The plosive phonemes of South African English are /p, b, t, d, k, ɡ/.

Fricatives and affricates

The fricative and affricate phonemes of South African English are /f, v, θ, ð, s, z, ʃ, ʒ, x, h, tʃ, dʒ/.


The sonorant phonemes of South African English are /m, (hw), w, n, l, r, j, ŋ/.


There are words that do not exist in British or American English, usually derived from languages of Africa such as Afrikaans or Zulu, although, particularly in Durban, there is also an influence from Indian languages and slang developed by subcultures, particularly surfers. Terms in common with North American English include 'mom' (most British and Australian English: mum), 'freeway' or 'highway' (British English 'motorway'), 'cellphone' (British and Australian English: mobile), and 'buck' meaning money (rand, in this case, not a dollar).

One of the most noticeable traits of South African English-speakers is the strong tendency to use the Afrikaans 'ja' [='yes'] in any situation where other English-speakers would say 'yes', 'yeah' or 'Well, ...'. The parallel is extended to the expression 'ja-nee' [literally, 'yes-no'; indicating a partial agreement or acknowledgement of a point] which becomes 'Ja, no, ...'. Such usage is widely acceptable, although it is understood to be incorrect English and would not be used in strictly formal contexts, such as in court or in a job interview.

South Africans are also known for their irregular use of the word 'now'. Particularly, 'just now' is taken to mean 'in a while' or 'later' (up to a few hours' time) rather than 'this very minute', for which a South African would say 'right now'. 'Now now' is relatively more immediate, implying a delay of a few minutes to around half an hour. The word 'just' also has a looser meaning than in British English when applied to location; expressions such as 'just there', or 'just around the corner' are not taken to imply a precise point.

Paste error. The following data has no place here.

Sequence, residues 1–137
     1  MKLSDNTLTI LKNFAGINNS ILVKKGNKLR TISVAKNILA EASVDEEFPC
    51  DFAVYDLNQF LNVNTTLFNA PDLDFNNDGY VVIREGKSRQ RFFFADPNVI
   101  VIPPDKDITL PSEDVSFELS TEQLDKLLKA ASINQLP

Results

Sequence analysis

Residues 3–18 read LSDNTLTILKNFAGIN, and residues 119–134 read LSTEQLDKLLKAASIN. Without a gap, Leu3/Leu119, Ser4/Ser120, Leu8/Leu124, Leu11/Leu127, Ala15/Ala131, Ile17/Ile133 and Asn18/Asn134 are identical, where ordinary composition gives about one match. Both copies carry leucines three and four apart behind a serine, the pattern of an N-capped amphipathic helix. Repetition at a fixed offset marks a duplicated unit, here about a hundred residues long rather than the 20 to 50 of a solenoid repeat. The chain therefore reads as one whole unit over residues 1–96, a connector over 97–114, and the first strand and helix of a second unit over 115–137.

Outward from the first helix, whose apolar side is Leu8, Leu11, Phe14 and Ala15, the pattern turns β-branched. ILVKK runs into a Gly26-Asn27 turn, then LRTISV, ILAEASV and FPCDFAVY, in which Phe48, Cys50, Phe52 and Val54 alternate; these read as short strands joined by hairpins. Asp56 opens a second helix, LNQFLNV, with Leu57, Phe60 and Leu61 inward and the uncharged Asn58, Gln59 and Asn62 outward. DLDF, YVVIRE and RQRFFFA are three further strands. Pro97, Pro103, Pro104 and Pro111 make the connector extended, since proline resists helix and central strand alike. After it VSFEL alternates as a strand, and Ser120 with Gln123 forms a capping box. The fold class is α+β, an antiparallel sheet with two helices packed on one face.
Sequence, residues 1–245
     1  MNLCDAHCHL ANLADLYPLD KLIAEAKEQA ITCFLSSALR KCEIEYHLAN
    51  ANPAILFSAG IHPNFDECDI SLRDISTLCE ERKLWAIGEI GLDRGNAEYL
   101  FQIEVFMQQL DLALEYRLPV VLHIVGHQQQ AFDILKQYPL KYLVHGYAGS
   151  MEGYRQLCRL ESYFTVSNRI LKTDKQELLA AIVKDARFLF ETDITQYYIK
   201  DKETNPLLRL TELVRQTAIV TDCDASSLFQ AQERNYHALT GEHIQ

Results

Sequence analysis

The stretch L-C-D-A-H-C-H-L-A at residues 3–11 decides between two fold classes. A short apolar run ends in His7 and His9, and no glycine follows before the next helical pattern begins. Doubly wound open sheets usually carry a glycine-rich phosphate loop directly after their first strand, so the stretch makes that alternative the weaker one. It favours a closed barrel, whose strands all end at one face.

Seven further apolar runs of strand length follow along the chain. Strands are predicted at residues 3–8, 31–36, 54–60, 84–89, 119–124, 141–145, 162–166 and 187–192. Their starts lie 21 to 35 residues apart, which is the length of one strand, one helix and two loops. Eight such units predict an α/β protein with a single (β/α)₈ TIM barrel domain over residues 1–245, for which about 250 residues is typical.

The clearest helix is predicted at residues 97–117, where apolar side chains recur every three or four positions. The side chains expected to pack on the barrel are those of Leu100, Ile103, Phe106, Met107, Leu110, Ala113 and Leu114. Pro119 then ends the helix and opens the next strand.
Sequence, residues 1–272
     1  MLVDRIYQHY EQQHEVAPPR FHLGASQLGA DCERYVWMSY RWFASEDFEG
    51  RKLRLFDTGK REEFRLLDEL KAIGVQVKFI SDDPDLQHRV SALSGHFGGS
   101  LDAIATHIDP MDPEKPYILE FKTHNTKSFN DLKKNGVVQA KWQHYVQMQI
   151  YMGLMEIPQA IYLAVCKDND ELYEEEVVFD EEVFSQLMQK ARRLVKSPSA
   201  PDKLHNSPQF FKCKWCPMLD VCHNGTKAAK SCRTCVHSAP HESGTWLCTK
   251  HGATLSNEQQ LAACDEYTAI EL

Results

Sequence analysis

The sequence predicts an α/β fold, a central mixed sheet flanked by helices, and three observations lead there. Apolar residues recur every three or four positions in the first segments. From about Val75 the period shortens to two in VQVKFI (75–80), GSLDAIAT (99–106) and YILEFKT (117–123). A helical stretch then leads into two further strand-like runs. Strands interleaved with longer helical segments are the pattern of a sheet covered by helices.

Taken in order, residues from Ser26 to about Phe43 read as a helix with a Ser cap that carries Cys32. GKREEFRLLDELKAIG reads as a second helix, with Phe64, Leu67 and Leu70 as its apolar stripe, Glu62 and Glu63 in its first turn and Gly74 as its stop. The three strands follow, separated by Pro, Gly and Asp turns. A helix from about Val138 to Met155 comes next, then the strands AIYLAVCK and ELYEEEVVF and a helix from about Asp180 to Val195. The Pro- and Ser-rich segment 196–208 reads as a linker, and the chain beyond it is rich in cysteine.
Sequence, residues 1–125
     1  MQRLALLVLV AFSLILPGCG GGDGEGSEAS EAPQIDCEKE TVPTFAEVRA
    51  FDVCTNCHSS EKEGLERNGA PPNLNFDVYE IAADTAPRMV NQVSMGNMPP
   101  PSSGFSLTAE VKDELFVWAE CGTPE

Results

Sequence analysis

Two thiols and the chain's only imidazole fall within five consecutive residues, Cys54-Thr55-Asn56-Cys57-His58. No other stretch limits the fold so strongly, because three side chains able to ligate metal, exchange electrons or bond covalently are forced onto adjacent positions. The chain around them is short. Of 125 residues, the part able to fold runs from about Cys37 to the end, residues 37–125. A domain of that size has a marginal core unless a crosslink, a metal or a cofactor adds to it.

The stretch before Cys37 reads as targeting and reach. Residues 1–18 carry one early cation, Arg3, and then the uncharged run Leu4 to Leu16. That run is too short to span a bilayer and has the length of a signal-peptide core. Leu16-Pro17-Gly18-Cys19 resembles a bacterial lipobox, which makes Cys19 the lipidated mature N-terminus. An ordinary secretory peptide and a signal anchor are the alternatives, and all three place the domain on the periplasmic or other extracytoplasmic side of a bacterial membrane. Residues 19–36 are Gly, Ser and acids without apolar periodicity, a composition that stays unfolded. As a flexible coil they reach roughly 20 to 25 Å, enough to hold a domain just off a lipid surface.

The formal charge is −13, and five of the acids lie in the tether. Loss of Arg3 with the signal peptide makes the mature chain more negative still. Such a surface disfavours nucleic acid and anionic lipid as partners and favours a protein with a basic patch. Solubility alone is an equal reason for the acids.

Another expression is to 'come with', as in 'are they coming with?'[21] This is influenced by the Afrikaans phrase hulle kom saam, literally 'they come together', with saam being misinterpreted as 'with'.[22] In Afrikaans, saamkom is a separable verb, similar to meekomen in Dutch and mitkommen in German, which is translated into English as 'to come along'.[23] 'Come with?' is also encountered in areas of the Upper Midwest of the United States, which had a large number of Scandinavian, Dutch and German immigrants, who, when speaking English, translated equivalent phrases directly from their own languages.[24]

Some words peculiar to South African English include 'takkies', 'tackie' or 'tekkie' for sneakers (American) or trainers (British), 'combi' or 'kombi' for a small van similar to a Volkswagen Kombi, 'bakkie' for a pick-up truck, 'kiff' for pleasurable, 'lekker' for nice, 'donga' for gully, 'robot' for a traffic light, 'dagga' for cannabis, 'braai' for barbecue and 'jol' for party. South Africans generally refer to the different codes of football, such as soccer and rugby, by those names.

There is some difference between South African English dialects: in Johannesburg the local form is very strongly English-based, while its Eastern Cape counterpart has a strong Afrikaans influence. Although differences between the two are sizeable, there are many similarities.